“I’m not a gospel singer,” Alabai insists, but when his biggest song is a conversation between himself and God, it will be hard to shake off that stereotype.


His off and on music career, also, will make it much harder.

If you have no idea who Alabai is, he is the one-time rapper responsible for ‘Voice of God’, a 2009 hit song produced by Paul Play Dairo.

The song, whose hook was neatly delivered by Tgina, was off his ‘The Calling’ album which had guest artistes such as Niyola and Azadus.


At the time, it wasn’t the conventional song in the mainstream scene but it stood out for its uniqueness, direction and lyrics.

“The song was just a concept. It was me voicing out what everyone wants to ask. If you could ask God a question what would it be? And so I put that into a song and rapped to it,” Alabai tells TheCable Lifestyle.




But long before then, Alabai had been a major hitter in the Nigerian rap scene and had tasted fame with Def O Clan, a pioneer hip hop group he founded.

The group — made up of Azadus, Buzzman, Cyclone, Bl, Dac eye, Rabbi and Alabai — churned out singles like ‘Kilonso’ and ‘Countdown’.

Def O Clan, inspired by American group Wu-Tang Clan, would later disband and Alabai, in 2015, teamed up with Blackface for ‘Hard Life’, a song which became a major hit and an all-time classic.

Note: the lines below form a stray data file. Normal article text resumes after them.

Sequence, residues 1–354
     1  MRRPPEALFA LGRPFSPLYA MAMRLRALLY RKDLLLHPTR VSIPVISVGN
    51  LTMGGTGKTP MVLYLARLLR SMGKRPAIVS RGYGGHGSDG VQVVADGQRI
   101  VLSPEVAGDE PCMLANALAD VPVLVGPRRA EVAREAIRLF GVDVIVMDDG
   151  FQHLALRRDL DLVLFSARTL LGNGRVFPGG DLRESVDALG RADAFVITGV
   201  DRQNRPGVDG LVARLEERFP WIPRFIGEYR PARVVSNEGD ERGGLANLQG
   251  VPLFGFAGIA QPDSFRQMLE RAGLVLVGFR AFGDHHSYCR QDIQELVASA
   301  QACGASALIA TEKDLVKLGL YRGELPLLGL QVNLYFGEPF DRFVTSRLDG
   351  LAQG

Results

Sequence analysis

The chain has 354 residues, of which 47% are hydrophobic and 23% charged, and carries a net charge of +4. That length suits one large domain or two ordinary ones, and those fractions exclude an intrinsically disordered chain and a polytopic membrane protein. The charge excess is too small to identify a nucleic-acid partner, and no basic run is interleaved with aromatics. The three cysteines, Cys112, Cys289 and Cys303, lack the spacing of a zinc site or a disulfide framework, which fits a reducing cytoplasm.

“I named the band but I was too young to handle it at the time and so we parted ways to pursue our individual careers,” Alabai says of Def O Clan.


That was Alabai — before he became a singer and released ‘Ogbanje’ in 2013 and ‘Onye Ara’ three years later.

“I wanted to show people both sides. My rap side, which everyone knows about- and my music side,” he says.


Soon enough it was jamming on every radio station and became quite topical for its cultural connotation.

Ogbanje, an Igbo word which means ‘evil spirit’, is used to describe someone who “comes and goes”, leaving grief in their wake. But for him, that wasn’t the intended meaning.

“The song is a love song. It is about a girl whom I described as Ogbanje,” he says in its defense.



Nowadays, he’s plotting a comeback after taking too many breaks for an artiste to keep a loyal fan base.

He maintains that his time away the public scene was required. “I needed to take a break,” the well-built artiste born Sylvester Ekot Anah told TheCable Lifestyle.


With that out of the way, Alabai says he’s working on a new album, which “I’m fine-tuning at the moment. I took a brief break to work on my album. I had to lay low. I didn’t disappear. I’ve been doing a lot of work.

“I mostly worked on my album but I have businesses. I’m a businessman as well.”

We await another return of Alabai.

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